One would think older filmmakers lose their edge with age. They either lose their creativity or stop caring about the art and start cashing in checks to make big movies, selling them on their own name. So it’s damned surprising when you finish The Wolf of Wall Street and realize that the 71-year-old Martin Scorsese made it.

His latest is based off of a book by former Wall Street guy Jordan Belfort. It’s a rise and fall story at its most basic, following Belfort’s rise on Wall Street and his eventual downfall. But Scorsese directs it all with a kinetic energy and a verve that’s absolutely infectious and fun.

He’s retreading on some of the work he did with Goodfellas and Casino here, and they actually feel like they’re all part of some thematic trilogy. There’s a lot of voice over and breaking of the fourth wall and a dynamic camera flying all over the place. Everything is turned up to 11 though, and Scorsese’s gaze is beamed directly onto Wall Street rather than anything gangster related. But hell, everyone in this movie is kind of like a white collar gangster.

Like in Goodfellas, the people we follow are not good people. They take advantage of the dumb, and of the system, to make themselves rich beyond imagination. Scorsese hammers this wealth home, playing up the absolute excess of Belfort’s life. And it comes in three forms: drugs, sex and plain old luxury. It becomes so big and so gaudy that all of it becomes disgusting as the film goes on, and it starts grating on you like eating too many sweet things at once. In a word, the wealth on display here is absolutely obscene and exhausting, and it makes its point without Scorsese preaching to the audience.

In the process of amassing the obscene amount of wealth, the characters here are taking advantage of a system. That seems to be where Scorsese and his screenwriter Terence Winter are aiming their ire at. We see early a kindly Belfort who becomes corrupted by the corrupt in the system, and his later self is what comes out of the machinations. We see a world where profit is the only goal, not helping companies do great things or people rewarded for their work. It reminds us that, like people misinterpreting the perverted American Dream in Scarface, there are people (probably stockbrokers) who have internalized Gordan Gekko’s “Greed is good” mantra. There are no good characters here, only people corrupted by a system.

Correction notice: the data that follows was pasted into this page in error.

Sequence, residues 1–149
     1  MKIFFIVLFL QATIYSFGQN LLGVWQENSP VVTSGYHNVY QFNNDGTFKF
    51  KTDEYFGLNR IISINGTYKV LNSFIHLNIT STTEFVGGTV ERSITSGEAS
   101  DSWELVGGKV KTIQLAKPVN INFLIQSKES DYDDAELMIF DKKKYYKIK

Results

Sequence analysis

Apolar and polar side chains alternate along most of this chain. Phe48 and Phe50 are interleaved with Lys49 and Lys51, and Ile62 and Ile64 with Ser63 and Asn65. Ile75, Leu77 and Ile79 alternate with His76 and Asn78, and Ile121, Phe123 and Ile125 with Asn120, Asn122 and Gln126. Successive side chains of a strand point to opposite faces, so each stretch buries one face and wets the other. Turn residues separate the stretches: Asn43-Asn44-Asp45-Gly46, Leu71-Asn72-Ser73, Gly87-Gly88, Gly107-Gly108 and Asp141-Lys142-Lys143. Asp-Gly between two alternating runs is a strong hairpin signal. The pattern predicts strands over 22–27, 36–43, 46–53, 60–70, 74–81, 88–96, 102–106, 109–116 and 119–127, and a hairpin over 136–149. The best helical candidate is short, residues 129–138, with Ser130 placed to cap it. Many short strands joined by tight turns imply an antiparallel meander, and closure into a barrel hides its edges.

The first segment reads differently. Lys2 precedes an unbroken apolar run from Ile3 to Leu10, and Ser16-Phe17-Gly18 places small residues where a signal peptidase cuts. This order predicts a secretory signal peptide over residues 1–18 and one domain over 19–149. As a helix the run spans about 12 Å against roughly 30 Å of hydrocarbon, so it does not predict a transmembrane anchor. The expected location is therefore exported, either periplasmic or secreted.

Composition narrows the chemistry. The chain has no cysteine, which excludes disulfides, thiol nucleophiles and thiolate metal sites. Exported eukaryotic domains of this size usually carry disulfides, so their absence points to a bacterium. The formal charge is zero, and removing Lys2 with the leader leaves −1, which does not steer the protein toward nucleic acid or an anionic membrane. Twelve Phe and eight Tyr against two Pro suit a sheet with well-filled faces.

Those characters, by the way, are played by actors hitting all the notes perfectly. Leonardo DiCaprio gives a career best performance. So many of his performances feel like a movie star being an actor, and it’s wonderful to see him just shake loose and absolutely, completely disappear into a role like this. A role that requires him to explore his range in a way he really hasn’t before. He’s got to spar verbally, he’s got to be charming, he’s got to be overcome by greed and be kind and be warm and get so messed up on drugs that he’s completely gone. It also requires him to do a good amount of some of the best physical comedy put on screen in a while (fun fact: this movie is hilarious). I’m talking about what’s sure to be called The Lemmon Scene, and it’s hilarious.

Within the side characters, everyone is good. Matthew McConaughey shows up for a couple minutes and kills it, while Kyle Chandler is a good foil for DiCaprio’s Belfort. Jon Bernthal is also very good as this guy who does the dirty work for Jordan’s crew. And then there’s Jonah Hill, who takes another step in his dramatic actor career. If you wrote off Moneyball as a once-in-career-role for him, you might want to see him here. He’s absolutely fantastic, and him and Leo work so well off each other that their energy is palpable. I hope he gets more opportunities to show us what he’s capable of, because it only feels like he’s getting started. It might be time to start talking about him as one of the great working actors today.

This film also houses a revelation: Margot Robbie. Here, she’s able to stand toe-to-toe with a manic DiCaprio and demands the screen’s attention every time. For such a young actress, it’s amazingly impressive to go up against a guy like DiCapio and come out as a scene stealer. Also, her Jersey accent is so impressive it’s hard to believe she’s Australian.

The Wolf of Wall Street is three hours long, and while the movie is a fairly brisk three hours, I imagine some moviegoers will become antsy and not enjoy it as much.

Martin Scorsese is an absolute master, and he shows us again why he’s one of the greatest filmmakers of all time with The Wolf of Wall Street. In a career filled with many masterpieces, it’s hard to imagine where this fits in at the present, but it’s easier to say it’s one of the best he’s made since Goodfellas.

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